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Author Archives: Lauren Riddick

Lauren Riddick handles contested foreclosure matters as a member of the Codilis & Associates, P.C.’s Contested Litigation Unit and also assists with title matters. She joined the firm in August 2013. Prior to joining the firm, she was an Adjunct Professor of Law with several colleges and a Securities Attorney for a large broker-dealer in Florida. Riddick is a member of the Illinois and Florida Bar Associations. She received her Juris Doctor in 2001 from the University of Florida Levin College of Law, and her Bachelor of Science in 1998 from the University of Florida.

The Obduskey Effect: Foreclosures, FDCPA, and the Supreme Court

The Fair Debt Collection Practices Act’s definition of “debt collectors” has led to both extensive litigation and contradictory Circuit Court decisions. Codilis & Associates member Lauren Riddick dives into the impact of the case, and discusses how the results may clear up some of these contradictions.

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RESPA Damages Denied for Delinquent Mortgagor

An analysis of what constitutes “actual damages” for borrowers under RESPA gives insights into how borrowers making false claims under this Act are likely to face an uphill task. Editor's Note: This feature originally appeared in the January issue of DS News, out now.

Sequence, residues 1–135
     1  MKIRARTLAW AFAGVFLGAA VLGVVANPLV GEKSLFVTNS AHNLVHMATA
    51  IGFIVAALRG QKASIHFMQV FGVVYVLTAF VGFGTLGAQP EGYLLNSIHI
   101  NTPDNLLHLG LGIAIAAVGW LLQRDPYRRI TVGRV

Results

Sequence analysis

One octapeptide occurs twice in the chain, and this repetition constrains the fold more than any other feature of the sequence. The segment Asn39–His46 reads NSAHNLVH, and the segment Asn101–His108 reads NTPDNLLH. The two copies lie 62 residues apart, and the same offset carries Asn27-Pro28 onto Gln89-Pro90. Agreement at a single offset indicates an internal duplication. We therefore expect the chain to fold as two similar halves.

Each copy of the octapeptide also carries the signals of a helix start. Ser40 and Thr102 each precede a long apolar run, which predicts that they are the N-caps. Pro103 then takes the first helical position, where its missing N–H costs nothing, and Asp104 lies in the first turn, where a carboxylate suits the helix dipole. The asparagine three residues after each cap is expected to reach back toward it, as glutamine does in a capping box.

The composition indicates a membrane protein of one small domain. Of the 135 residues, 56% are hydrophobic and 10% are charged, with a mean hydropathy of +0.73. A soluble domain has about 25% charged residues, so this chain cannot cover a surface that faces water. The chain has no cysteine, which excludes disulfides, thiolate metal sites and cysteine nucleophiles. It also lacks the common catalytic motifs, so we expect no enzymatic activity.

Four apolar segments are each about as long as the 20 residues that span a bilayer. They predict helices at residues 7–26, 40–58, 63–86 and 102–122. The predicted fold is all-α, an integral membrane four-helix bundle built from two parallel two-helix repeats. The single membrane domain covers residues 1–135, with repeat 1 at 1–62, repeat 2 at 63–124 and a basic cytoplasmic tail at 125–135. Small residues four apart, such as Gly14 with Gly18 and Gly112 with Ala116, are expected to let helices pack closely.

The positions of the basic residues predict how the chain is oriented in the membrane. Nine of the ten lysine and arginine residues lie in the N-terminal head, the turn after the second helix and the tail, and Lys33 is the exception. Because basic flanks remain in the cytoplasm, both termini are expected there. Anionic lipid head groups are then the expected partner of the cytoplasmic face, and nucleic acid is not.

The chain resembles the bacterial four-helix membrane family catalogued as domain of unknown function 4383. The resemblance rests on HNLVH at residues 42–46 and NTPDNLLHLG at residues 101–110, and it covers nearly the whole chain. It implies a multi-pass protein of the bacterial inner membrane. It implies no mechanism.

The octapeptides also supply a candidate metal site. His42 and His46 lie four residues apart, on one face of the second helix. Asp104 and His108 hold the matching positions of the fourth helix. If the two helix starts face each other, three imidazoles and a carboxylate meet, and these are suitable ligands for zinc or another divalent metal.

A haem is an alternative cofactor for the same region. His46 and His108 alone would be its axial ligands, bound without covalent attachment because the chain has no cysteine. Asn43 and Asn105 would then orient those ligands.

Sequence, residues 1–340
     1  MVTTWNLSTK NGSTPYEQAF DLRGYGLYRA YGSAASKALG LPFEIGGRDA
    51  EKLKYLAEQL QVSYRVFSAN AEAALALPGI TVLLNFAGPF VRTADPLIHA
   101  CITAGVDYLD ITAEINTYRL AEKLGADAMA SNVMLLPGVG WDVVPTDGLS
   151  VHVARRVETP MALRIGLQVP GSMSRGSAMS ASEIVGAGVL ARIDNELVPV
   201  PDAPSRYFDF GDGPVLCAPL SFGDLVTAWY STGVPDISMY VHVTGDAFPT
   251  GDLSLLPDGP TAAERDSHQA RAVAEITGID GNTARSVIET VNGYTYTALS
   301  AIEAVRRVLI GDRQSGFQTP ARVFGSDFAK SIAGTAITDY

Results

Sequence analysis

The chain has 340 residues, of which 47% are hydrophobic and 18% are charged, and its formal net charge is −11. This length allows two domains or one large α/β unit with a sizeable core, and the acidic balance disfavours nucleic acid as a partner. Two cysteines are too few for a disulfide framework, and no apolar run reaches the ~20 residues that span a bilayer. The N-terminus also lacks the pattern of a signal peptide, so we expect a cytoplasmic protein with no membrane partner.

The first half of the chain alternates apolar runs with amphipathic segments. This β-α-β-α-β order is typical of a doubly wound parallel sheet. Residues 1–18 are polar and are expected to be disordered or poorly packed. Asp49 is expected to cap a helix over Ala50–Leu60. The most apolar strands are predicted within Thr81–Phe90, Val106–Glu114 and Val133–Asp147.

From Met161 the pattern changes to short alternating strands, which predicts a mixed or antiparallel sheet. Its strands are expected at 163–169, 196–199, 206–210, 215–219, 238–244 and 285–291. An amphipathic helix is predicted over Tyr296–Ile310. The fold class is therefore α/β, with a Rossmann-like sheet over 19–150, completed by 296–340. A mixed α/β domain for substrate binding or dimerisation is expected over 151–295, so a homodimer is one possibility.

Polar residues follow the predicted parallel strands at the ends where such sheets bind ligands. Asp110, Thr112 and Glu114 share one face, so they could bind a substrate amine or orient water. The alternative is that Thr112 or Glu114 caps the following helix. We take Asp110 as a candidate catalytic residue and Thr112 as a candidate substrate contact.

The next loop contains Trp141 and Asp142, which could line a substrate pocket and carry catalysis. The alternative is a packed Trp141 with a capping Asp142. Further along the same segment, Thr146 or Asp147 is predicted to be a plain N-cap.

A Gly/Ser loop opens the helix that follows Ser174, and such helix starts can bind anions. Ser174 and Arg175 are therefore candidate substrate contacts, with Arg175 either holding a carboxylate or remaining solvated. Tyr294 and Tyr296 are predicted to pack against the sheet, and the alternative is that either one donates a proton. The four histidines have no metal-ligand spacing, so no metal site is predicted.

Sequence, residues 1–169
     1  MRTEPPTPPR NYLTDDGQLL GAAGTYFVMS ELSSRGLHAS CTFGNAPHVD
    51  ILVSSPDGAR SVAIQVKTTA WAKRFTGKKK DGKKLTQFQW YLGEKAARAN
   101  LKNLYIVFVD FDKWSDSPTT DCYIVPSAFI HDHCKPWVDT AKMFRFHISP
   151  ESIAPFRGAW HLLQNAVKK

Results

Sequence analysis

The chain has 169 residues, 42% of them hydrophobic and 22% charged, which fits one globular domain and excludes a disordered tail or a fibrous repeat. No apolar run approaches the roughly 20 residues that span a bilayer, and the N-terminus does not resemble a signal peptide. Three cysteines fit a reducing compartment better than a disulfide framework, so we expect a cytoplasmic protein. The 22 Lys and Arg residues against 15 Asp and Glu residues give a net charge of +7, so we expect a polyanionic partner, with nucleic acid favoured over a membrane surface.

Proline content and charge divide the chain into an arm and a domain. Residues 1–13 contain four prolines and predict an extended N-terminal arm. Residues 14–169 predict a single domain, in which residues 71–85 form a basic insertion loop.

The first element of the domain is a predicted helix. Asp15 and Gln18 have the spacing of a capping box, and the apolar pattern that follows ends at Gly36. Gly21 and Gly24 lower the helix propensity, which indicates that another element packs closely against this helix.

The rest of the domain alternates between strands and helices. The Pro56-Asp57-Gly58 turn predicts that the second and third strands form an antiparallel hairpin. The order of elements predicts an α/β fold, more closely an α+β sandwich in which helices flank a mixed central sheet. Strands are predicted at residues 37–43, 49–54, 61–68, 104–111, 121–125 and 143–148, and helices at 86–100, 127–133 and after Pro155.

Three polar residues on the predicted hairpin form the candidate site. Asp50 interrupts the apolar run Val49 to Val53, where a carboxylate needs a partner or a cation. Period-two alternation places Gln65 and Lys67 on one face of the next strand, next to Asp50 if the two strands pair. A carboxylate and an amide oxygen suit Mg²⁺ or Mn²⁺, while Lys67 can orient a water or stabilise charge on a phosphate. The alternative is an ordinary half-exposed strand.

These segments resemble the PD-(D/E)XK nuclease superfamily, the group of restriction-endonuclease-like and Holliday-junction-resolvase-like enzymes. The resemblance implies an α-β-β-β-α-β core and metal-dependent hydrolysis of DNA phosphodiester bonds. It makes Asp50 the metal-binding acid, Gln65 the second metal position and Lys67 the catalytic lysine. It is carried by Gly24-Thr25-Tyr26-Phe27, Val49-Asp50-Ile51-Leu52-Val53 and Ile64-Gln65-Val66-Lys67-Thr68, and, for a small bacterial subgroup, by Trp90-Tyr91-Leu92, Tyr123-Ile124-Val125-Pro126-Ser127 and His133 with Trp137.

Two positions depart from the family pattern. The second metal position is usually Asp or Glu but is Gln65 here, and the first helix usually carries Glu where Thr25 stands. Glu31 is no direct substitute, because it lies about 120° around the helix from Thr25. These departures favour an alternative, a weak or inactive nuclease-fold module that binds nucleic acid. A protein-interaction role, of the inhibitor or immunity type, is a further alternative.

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Supreme Court States “If Sought” is Seeking

What constitutes a “same” cause of action, especially when multiple contracts are at play? A recent Illinois Supreme Court ruling in First Midwest Bank v. Cobo examined this term and what it actually meant in foreclosures.

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Defining Debt Collectors

Editor's note: This story was originally featured in the January issue of DS News, out now. The United States Supreme Court, in Henson v. Santander Consumer USA Inc., settled a circuit court split and solidified what may turn out to be a ...

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Condominium Law in Flux

A recent ruling not only puts a new wrinkle on condominium association lien extinguishment, but also clashes with a previous opinion...

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Green Light, Red Light

Municipalities may be experiencing whiplash from a recent U.S. Supreme Court ruling which both permits and prevents certain suits based on the Federal Housing Act. In Bank of America Corp., et. al. v. City of Miami, the City of Miami argued that two banks, Bank of America and Wells Fargo, violated the Federal Housing Act by intentionally issuing riskier mortgages on less favorable terms to African Americans and Latino customers than they issued to similarly situated white, non-Latino customers.

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